Tutorial: Create Shortcuts to Scale Display Up/Down

Using @Kyle_Rankin’s Scale-the-Screen app from the early amber days as a reference, I created the following shortcuts for quickly changing the display resolution on the fly. (I used 1.5 and 2.0 as resolutions.)

The wlr-randr package that Kyle had to build from source is now packaged for PureOS, so that made it easy for me. You’ll have to install wlr-randr before proceeding with the following.

1 - Starting in the home folder, create 1.5_Scale.desktop and paste the following into .local/share/applications:

[Desktop Entry]
Exec=gnome-terminal -x bash -c "wlr-randr --output DSI-1 --scale 1.5"

You can use a different resolution if you prefer; just make sure all occurrences of the name match, for the application, command, and icon.

2 - For an easy return to the default 2.0 resolution, create 2.0_Scale.desktop in .local/share/applications and paste the following:

[Desktop Entry]
Exec=gnome-terminal -x bash -c "wlr-randr --output DSI-1 --scale 2"

3 - For the icons, find some free clipart, or draw your own. Then paste them into .local/share/icons.

I made these:


The launchers will appear on the home screen, probably at the top, since they start with digits. You could also long-press them to add them to the favorites section at the very top.

These makes it easier to select favored resolutions directly, without having to delve into the Settings app.


Launching 1.5_Scale:

Launching 2.0_Scale:


By the way, if you install the latest phosh-mobile-settings package, you can set per-application auto-scaling with a GUI.


Thanks for the script, is squeekboard still scaling as well? Will this last a reboot?

I’m making one to switch off the phone display when plugged to an external monitor, but I’ve got problems when switching it back to normal.

Yes, unfortunately. And no, it does not persist.

That is indeed sweet. Thanks. I’ll post some screenshots.

See screenshots:

@Kyle_Rankin, @guido.gunther, it’s not clear to me how to add a per-app setting. Can you clarify?

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Launch the app, open phosh-mobile-settings, open the Compositor menu and you should see a list of running applications. Toggle the slider for the application that you want to auto-scale.


Excellent. Thanks.

Changing the settings in phoc.ini doesn’t work either, it doesn’t start phosh for some reason after restarting.

I just noticed that adding my 1.5_Scale app to the startup applications (- I used Tweaks to add it -) causes the phone to switch automatically to 1.5 scale shortly after power on.


I made a script to switch from scale to scale with only one shortcut

Here, the icon I made for it, put it in your pictures folder

Here, the script I made, put it into /home/purism/ChangeScale.sh, or wherever ou want :


[ ! -e /usr/bin/wlr-randr ] && echo -e "\e[31mError\e[0m: wlr-randr is missing\n==> sudo apt install wlr-randr" && exit 1

list_scale="1.25 2 1.75"

current_scale=$(wlr-randr --output "${output}" | grep 'Scale:' | awk '{ print $2 }')

next_scale=${list_scale%% *}
for scale in ${list_scale} ; do
    if [ $flg_found -eq 0 ] ; then
        [ "${scale}" == "${current_scale:0:$len}" ] && flg_found=1

echo "Change to scale : ${next_scale}"
wlr-randr --output "${output}" --scale "${next_scale}"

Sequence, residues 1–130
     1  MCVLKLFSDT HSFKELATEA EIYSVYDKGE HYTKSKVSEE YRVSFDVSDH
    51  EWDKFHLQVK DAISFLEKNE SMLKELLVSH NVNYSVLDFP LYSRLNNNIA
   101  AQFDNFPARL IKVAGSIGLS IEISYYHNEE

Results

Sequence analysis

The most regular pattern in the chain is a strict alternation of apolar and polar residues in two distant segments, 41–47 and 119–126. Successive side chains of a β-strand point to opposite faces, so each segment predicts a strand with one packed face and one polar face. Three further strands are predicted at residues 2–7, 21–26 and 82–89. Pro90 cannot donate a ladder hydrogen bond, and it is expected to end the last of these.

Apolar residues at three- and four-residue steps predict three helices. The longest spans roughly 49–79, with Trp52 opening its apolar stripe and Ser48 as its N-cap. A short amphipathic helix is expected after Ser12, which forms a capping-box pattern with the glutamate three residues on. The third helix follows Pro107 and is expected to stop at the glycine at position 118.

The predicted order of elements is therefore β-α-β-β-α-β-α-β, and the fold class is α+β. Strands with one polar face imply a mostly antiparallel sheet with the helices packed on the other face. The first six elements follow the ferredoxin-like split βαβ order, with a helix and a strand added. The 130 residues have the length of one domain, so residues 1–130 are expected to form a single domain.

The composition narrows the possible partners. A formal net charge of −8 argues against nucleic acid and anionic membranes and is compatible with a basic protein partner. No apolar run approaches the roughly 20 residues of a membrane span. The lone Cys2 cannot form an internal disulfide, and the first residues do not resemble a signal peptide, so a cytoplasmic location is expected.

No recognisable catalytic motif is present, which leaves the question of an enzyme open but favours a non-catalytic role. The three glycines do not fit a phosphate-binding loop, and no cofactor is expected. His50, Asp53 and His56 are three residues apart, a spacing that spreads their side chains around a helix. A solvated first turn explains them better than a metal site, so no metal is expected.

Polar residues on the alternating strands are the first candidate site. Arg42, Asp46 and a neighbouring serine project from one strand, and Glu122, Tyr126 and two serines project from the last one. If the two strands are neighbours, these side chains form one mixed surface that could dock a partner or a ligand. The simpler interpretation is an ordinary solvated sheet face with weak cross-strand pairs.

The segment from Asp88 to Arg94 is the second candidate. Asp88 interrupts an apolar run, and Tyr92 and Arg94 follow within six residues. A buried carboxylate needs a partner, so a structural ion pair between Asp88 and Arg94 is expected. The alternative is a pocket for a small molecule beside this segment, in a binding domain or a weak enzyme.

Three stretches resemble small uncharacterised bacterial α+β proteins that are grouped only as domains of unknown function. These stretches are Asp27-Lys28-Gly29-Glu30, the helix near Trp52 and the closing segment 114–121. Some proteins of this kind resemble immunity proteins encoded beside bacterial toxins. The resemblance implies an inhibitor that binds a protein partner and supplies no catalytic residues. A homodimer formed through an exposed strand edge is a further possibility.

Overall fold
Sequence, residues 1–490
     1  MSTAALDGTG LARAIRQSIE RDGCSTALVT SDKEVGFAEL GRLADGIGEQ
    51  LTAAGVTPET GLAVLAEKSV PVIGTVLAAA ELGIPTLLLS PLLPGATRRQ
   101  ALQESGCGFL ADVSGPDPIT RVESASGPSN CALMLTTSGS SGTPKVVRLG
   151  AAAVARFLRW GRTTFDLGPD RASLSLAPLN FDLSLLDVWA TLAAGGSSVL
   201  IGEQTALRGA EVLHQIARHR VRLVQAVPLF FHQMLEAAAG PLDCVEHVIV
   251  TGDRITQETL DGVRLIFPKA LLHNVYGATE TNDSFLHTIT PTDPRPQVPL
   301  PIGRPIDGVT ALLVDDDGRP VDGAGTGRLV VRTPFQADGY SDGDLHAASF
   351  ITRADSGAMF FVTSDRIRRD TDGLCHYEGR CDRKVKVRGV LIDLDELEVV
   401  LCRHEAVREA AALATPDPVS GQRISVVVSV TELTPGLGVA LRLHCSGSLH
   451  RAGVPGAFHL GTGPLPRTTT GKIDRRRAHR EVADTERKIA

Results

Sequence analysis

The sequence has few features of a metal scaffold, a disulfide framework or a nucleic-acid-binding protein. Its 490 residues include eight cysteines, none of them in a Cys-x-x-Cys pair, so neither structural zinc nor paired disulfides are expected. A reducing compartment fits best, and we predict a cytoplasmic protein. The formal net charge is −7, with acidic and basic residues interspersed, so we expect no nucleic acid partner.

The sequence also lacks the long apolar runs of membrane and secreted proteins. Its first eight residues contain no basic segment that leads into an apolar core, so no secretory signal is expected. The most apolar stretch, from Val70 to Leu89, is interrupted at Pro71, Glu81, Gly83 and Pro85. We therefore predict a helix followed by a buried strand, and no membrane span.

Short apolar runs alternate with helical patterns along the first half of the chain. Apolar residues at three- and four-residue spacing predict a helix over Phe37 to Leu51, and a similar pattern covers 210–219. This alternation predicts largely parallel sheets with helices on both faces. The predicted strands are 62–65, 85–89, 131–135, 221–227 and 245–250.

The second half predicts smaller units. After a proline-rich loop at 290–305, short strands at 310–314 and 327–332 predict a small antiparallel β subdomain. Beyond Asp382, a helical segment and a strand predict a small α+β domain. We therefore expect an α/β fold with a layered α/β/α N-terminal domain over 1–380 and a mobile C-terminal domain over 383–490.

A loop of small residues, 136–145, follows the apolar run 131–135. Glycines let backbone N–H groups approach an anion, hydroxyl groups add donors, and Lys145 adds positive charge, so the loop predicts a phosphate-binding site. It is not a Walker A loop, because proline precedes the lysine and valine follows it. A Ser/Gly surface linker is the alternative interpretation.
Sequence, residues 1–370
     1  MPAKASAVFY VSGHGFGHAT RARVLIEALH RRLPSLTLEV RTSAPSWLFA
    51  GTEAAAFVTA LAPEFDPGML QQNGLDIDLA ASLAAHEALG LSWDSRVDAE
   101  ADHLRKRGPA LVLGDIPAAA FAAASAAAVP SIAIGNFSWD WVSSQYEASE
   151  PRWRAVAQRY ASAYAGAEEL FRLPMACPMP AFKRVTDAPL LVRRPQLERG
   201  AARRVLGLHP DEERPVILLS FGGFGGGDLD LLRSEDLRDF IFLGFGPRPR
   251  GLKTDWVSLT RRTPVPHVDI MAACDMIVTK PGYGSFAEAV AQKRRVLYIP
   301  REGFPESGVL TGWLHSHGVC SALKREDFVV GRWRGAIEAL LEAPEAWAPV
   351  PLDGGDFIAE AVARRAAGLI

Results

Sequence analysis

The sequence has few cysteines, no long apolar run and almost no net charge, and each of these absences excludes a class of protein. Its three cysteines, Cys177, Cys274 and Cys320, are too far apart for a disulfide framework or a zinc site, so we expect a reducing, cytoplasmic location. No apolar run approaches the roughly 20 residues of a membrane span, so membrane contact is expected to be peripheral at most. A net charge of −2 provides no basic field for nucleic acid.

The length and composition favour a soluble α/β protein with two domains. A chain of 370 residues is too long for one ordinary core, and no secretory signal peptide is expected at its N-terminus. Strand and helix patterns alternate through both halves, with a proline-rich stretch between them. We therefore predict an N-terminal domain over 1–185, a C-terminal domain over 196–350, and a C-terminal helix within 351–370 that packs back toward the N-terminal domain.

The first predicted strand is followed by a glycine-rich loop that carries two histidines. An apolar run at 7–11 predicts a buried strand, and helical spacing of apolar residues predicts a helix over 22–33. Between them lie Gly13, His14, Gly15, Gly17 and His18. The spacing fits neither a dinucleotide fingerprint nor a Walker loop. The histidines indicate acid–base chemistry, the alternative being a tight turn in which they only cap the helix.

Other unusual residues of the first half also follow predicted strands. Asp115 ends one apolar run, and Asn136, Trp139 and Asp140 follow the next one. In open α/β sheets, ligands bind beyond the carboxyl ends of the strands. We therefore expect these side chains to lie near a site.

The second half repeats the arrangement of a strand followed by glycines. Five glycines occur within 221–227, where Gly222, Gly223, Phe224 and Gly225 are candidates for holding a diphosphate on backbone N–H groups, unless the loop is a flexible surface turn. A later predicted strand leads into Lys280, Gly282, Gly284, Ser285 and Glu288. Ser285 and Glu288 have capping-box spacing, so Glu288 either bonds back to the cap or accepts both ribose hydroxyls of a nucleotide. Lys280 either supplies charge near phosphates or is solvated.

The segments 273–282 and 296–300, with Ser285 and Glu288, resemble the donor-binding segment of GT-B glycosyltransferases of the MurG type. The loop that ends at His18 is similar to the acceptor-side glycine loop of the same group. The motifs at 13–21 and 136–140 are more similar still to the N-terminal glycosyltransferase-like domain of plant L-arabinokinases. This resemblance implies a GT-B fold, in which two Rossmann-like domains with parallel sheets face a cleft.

• First click change to 125% (1.25), second click to 200% (2) third click to 175% (1.75), fourth click is back to first, but it depends on what is set in the variable list_scale
  • You can change the content of the variable list_scale at the beginning of the script to your wanted scale list loop
    you can have only one scale number set, or as many as you want in the list
  • Don’t forget to add execution right to the file : chmod +x ChangeScale.sh

Here, the shortcut, put in into ~/.local/share/applications/ChangeScale.desktop :

[Desktop Entry]
  • Don’t forget to change the directory of the icon in the last line of the shortcut, or the path of the script in the Exec line if you changed it

Nice! Thanks.

hum… this is annoying
When you have no app launched and you use my icon, it’s “opening” an empty window
It’s probably something to change/add in the .desktop … any idea ?

This tends to happen when a file name used in the .desktop doesn’t exactly match the indicated file name, e.g. capitalization, location, etc.

I’m not qualified to examine… or understand… the script itself, unfortunately.

Pardon my ignorance, but what does this mean?

When you create a file, you usually have read and write permissions/rights
chmod is a tool to modify the permissions on a file
The option +x add execution rights, which means you allow the file to act like an application
If you don’t add right, the script will not do anything, and the system will tell you : permission denied (when executed in a terminal)

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I get this in the gnome-terminal when I use the shortcut.

EDIT: Obsolete. Disregard

I don’t know what you did there , nor where you put the -x option
There is nothing to do with gtk.css, here…
Every block of code I shared previously are meant to be put inside 2 different files with the extensions ‘.sh’ (for the script file) or ‘.desktop’ (for the shortcut file)
chmod is a tool to be used in the terminal, to set the permission on the script file I proposed previously
And the shortcut file, is suppose to be placed in ~/.local/share/applications/ without any permission modification (I added the file name in my previous post)

I did everything just like you said and that is what shows up for a brief moment in gnome-terminal and the scale does not change.:man_shrugging:

EDIT: I did not do everything you said, I used a different command in the shortcut, But it still does not work after I fixed it.

Ok this is more complex than expected
This topic is about scaling up/down the display scale

So I created an other topic about your problem, go over here to try and solve it: